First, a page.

This book examines identity theory's centrality within social psychology and its foundations within structural symbolic interaction, highlighting its links not only to other prominent sociological subfields, but also to other theoretical perspectives within and beyond sociology. The book provides a synthetic overview outlining the intellectual lineage of identity theory within structural symbolic interactionism, and how the "Indiana School" of identity theory and research, associated especially with Sheldon Stryker, relates to other symbolic interactionist traditions within sociology. It also analyses the latest developments in response to the push to integrate identity theory, which initially focused on role identities, with the study of personal, group and social identities. Further, it discusses the relationship between identity theory and affect control theory, providing a sense of the many substantive topics within sociology beyond social psychology for which the study of identity has important, sometimes underappreciated implications. The book concludes with a chapter summarizing the interrelated lessons learned while also reflecting on remaining key questions and challenges for the future development of identity theory.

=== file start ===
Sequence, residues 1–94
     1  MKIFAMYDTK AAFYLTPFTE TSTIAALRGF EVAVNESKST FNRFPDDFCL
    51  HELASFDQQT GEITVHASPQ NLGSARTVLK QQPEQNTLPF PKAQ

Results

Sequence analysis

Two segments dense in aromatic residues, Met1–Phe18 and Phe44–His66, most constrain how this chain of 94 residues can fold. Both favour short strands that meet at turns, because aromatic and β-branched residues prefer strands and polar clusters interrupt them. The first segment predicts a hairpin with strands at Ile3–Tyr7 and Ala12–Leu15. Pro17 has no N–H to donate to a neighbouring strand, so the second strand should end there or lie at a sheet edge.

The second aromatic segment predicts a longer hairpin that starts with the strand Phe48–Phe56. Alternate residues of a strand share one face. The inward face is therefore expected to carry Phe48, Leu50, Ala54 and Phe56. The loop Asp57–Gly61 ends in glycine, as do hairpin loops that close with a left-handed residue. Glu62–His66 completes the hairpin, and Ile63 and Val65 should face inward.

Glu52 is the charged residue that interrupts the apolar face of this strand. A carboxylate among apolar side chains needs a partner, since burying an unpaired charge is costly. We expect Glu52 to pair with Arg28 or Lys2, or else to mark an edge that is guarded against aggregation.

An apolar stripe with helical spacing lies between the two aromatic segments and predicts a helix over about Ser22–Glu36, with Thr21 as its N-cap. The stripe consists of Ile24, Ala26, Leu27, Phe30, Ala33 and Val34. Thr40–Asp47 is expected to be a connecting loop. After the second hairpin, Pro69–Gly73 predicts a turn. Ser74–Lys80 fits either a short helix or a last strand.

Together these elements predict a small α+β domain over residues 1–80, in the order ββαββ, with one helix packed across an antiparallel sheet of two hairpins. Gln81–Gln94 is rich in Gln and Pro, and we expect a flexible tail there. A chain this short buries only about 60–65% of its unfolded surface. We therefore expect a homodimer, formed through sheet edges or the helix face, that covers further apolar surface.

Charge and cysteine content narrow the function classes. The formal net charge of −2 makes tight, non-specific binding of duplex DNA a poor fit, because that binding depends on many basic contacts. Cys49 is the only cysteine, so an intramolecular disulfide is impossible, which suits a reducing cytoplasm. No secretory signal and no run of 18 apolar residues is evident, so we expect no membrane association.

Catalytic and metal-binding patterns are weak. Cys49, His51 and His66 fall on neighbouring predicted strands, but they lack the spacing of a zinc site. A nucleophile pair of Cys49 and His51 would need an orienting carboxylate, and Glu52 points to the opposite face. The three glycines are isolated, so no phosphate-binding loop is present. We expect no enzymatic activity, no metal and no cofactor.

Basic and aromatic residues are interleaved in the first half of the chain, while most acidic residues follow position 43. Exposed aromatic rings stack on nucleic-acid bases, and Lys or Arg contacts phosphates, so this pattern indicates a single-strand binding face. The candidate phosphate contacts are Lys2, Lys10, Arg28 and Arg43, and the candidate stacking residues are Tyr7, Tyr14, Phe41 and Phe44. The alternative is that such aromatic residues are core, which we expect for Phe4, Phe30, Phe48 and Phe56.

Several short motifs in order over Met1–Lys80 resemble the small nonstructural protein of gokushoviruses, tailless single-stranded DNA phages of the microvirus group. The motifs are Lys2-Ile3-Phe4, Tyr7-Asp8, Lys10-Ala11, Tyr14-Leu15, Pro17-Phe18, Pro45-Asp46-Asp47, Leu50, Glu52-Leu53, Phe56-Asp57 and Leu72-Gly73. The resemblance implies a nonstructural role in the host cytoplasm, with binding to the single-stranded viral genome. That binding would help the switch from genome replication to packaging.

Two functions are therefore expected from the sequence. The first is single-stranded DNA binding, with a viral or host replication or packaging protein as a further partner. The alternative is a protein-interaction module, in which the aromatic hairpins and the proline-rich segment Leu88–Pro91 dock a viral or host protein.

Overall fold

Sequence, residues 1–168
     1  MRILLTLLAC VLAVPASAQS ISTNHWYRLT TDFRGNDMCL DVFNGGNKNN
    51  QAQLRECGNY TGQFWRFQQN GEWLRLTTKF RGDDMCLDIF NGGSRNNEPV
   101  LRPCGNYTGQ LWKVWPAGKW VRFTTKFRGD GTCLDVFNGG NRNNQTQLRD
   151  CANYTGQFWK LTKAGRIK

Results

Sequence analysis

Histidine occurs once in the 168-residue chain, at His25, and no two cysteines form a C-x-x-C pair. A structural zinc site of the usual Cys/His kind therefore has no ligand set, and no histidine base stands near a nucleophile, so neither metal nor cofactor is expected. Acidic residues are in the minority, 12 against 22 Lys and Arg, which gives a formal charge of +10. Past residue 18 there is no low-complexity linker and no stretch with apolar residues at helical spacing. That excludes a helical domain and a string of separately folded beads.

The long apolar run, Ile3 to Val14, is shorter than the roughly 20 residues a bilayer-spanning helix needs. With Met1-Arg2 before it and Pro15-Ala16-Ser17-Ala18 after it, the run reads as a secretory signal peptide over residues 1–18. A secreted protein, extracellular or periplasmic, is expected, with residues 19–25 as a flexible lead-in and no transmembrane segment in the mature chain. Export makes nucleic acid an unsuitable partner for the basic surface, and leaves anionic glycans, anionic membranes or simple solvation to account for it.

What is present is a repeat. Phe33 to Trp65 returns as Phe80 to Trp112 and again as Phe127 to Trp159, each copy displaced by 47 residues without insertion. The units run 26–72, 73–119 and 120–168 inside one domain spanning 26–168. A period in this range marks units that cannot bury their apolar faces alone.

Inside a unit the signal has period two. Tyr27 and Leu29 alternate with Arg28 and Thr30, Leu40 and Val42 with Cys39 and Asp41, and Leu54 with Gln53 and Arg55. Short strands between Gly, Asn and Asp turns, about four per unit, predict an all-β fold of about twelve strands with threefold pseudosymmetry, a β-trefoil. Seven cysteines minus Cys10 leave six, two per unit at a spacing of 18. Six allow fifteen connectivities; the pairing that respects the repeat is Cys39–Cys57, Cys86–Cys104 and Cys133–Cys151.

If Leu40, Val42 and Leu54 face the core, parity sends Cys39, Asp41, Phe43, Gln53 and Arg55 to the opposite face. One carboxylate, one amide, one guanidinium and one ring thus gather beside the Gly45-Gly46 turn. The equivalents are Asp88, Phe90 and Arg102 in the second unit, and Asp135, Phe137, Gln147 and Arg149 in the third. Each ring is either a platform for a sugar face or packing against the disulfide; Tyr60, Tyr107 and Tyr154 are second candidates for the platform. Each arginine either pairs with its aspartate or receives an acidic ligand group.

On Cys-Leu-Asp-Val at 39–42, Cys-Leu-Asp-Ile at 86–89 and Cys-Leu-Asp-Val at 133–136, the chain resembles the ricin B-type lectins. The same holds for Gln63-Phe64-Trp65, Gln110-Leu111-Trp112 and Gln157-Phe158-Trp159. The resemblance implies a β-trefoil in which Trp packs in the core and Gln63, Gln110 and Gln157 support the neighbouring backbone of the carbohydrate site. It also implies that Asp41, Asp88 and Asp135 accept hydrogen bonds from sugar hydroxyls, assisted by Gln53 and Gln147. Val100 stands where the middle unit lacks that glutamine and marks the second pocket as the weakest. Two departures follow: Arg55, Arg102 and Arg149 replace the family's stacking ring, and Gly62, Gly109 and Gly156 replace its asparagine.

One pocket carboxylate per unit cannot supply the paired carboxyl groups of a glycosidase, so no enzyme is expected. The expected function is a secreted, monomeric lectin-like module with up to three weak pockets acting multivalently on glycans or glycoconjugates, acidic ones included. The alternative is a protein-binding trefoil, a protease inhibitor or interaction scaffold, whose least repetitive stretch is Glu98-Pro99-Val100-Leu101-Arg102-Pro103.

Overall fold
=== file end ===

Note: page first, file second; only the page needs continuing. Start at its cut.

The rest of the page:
ASJC Scopus subject areas
- General Psychology
- General Social Sciences
- General Agricultural and Biological Sciences